In much of Eastern Europe, Carnival season begins on Twelfth Night or Epiphany, Jan. 6 (Three Kings Day), and lasts until Shrove Tuesday. It's a time for partying and revelry before the fasting of Lent begins.
In Poland, Karnawał (kahrr-NAH-vow) begins on Twelfth Night, better known as Three Kings Day (Trzech Króli). In days gone by, Karnawał was celebrated by the szlachta with balls and dances, and the kulig. The kulig was a horse-drawn sleigh ride through the snow-covered countryside, which called for frequent stops from manor to manor for dancing, singing, hot mulled wine, known as grzaniec galicyjski or grzaniec wino, and a meal like hunter's stew, known as bigos, cooked over an open fire. Frequently, the guests stayed overnight and continued the merriment the following day at the next estate.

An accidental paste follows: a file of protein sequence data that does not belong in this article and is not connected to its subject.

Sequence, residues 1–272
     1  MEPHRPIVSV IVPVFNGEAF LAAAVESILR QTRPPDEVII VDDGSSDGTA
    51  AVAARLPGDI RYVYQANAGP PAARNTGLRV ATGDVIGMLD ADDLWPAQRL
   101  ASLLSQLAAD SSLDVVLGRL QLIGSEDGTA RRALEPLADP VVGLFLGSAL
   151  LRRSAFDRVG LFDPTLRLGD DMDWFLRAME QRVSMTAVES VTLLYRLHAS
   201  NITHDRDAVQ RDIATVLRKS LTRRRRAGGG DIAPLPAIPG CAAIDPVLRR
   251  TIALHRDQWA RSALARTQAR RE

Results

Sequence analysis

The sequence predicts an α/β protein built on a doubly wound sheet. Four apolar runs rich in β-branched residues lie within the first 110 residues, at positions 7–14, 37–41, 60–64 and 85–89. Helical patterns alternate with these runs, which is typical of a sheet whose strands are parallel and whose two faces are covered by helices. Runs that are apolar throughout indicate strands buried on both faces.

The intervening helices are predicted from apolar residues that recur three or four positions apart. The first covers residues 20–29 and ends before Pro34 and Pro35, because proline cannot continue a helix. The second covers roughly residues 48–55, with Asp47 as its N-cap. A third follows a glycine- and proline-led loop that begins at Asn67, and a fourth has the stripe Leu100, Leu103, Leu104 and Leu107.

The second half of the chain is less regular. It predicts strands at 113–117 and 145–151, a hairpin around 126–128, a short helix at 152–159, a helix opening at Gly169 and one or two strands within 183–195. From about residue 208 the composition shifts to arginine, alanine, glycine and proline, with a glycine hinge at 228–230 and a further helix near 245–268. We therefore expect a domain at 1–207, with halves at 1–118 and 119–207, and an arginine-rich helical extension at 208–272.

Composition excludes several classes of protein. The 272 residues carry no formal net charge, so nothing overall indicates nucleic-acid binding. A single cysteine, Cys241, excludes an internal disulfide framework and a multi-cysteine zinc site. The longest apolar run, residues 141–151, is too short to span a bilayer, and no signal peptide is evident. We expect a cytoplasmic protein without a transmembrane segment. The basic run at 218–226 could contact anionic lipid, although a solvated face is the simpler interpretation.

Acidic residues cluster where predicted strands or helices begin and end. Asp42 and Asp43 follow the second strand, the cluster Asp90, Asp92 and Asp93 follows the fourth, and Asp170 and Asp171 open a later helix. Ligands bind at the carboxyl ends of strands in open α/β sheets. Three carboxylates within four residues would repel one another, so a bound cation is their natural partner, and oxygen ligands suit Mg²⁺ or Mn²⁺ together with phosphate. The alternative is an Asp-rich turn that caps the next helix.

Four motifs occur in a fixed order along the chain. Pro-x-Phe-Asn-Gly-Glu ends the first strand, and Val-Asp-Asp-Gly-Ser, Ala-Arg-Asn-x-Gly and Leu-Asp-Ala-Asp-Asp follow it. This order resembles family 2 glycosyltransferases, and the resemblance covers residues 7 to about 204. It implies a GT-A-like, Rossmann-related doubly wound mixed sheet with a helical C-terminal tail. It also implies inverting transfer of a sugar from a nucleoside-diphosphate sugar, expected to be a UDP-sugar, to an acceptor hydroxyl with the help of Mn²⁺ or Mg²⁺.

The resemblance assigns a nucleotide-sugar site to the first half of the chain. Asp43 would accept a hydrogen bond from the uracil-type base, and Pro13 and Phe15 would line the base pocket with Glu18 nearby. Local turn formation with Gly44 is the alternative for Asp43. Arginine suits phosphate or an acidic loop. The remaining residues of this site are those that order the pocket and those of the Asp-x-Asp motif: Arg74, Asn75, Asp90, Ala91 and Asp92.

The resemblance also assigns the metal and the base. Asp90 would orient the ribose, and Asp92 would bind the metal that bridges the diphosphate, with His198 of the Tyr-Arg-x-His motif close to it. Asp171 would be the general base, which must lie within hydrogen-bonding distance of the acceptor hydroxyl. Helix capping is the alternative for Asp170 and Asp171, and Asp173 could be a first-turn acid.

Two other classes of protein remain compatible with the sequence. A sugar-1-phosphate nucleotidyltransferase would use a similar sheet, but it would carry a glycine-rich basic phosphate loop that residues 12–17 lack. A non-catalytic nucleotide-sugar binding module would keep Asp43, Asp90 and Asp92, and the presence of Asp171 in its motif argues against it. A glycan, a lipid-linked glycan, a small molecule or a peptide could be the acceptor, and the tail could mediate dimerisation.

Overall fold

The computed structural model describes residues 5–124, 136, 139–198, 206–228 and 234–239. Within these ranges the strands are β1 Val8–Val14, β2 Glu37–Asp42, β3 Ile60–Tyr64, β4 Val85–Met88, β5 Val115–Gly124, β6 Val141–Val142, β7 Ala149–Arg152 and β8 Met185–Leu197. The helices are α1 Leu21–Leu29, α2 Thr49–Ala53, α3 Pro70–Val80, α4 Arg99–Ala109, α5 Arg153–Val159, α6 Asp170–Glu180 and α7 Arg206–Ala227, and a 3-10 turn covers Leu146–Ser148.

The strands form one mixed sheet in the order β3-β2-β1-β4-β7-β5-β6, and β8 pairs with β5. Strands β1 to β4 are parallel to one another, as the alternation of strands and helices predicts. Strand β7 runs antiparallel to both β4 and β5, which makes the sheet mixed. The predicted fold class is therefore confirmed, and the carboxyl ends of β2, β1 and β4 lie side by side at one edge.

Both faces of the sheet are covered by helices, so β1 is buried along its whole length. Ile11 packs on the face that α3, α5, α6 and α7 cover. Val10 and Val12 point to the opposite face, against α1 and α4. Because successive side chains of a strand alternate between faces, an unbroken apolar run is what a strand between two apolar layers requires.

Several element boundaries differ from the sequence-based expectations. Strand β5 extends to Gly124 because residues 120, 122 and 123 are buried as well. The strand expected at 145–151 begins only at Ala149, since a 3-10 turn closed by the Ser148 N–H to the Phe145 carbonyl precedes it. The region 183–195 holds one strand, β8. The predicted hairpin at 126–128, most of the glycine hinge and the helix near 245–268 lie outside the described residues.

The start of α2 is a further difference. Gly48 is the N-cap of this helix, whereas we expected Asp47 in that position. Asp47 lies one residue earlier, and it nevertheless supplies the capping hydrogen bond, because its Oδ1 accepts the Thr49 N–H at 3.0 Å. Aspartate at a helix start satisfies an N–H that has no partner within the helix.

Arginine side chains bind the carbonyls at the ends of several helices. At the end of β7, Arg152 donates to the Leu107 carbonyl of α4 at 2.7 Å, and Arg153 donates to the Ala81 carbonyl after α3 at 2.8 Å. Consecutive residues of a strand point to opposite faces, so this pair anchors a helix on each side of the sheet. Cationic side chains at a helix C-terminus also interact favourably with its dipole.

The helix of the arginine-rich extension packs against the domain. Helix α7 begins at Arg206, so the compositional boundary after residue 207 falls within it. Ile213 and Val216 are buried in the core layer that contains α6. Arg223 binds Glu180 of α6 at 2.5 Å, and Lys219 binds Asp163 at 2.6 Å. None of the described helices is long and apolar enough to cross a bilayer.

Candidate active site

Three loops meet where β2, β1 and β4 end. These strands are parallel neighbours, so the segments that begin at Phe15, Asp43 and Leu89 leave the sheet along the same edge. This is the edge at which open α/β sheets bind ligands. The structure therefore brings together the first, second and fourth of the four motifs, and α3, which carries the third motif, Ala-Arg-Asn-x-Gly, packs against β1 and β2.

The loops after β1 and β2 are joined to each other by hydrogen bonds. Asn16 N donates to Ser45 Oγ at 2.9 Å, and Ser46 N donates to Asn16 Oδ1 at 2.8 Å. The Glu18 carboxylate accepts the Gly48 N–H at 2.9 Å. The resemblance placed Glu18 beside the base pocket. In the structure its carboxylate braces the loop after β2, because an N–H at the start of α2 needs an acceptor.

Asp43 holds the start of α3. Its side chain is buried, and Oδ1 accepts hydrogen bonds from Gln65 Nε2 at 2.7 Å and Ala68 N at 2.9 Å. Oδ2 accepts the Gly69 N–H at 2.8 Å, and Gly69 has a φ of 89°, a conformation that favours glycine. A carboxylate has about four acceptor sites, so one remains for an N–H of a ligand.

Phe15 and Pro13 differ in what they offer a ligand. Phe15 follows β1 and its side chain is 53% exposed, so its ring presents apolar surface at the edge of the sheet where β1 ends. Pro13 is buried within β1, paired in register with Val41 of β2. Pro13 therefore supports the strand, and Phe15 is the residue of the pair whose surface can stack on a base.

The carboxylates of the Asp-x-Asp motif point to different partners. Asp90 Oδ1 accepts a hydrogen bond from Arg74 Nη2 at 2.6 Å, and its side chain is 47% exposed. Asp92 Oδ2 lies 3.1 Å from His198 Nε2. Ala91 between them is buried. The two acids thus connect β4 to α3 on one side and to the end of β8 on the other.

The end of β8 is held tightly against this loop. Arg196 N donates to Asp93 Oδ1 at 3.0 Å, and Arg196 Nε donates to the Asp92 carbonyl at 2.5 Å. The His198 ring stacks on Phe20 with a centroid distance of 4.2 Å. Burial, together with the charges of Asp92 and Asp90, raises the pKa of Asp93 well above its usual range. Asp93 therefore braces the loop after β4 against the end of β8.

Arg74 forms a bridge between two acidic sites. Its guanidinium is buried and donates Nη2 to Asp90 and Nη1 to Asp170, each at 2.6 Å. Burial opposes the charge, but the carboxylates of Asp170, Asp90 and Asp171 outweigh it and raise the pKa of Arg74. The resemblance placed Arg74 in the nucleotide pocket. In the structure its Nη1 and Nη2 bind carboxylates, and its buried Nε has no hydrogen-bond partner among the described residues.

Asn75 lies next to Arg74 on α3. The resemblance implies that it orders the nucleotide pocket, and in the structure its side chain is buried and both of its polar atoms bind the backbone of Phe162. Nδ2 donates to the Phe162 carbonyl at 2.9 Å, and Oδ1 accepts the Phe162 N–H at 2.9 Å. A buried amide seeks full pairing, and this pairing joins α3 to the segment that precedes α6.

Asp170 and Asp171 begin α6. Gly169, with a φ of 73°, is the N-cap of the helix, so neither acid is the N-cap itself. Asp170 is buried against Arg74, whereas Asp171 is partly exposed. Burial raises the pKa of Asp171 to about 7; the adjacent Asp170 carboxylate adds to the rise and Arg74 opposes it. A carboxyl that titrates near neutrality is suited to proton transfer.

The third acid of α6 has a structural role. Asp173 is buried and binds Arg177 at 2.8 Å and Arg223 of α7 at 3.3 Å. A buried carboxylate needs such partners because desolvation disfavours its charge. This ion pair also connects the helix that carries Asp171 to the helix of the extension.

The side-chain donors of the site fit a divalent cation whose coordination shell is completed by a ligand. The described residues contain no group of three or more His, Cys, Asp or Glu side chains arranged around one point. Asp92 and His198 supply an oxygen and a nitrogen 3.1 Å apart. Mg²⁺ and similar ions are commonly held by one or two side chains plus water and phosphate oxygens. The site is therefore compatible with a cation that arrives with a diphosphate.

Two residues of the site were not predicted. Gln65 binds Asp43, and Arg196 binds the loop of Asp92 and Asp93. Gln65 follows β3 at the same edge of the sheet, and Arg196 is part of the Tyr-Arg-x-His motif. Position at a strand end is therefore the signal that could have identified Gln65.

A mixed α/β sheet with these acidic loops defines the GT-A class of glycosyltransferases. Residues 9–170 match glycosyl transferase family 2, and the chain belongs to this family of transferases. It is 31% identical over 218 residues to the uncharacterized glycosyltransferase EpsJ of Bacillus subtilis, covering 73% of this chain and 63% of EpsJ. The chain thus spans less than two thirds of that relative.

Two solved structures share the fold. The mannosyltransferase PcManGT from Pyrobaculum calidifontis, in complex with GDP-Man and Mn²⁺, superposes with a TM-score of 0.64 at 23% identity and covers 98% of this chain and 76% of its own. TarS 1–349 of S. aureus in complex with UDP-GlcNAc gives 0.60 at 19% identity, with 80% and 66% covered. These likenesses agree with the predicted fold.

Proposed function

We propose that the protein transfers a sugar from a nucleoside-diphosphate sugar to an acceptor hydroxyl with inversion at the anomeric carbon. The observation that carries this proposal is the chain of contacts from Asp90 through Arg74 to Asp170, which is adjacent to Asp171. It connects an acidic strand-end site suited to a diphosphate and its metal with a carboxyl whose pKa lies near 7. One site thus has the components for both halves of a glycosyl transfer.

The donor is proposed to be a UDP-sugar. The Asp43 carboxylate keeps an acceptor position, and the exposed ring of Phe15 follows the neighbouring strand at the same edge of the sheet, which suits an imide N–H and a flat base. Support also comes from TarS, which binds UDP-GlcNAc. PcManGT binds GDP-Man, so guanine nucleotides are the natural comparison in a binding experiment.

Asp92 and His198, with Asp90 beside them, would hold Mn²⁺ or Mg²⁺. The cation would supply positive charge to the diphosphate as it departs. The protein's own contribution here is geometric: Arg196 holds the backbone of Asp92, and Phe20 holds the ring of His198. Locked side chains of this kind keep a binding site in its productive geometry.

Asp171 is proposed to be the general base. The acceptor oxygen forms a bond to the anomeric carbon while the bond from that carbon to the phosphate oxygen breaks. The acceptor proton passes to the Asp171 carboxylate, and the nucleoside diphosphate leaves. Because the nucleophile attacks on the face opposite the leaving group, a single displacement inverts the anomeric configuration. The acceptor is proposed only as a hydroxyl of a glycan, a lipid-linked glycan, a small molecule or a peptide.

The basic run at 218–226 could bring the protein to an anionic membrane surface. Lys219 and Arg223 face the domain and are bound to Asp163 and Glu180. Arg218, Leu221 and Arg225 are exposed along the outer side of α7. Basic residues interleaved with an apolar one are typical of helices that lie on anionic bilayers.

Today, many young people organize sleigh rides, but the norm is to celebrate Carnival with bar-hopping and night clubbing.
Today, many of the younger generation organize sleigh rides, but the norm is to content themselves with pub crawls and such. Still, the wintertime tradition of ingesting bracing liquids, hearty, comfort food and warming soups holds sway.
The last six days of Carnival are known as zapusty -- beginning on Fat Thursday (Tłusty Czwartek) when pączki (fried doughnuts) are eaten, and ending on Shrove Tuesday or Herring Day (Sledziówka), also known as Ostatki.
How Shrove Thursday and Shrove Tuesday are celebrated in Eastern Europe.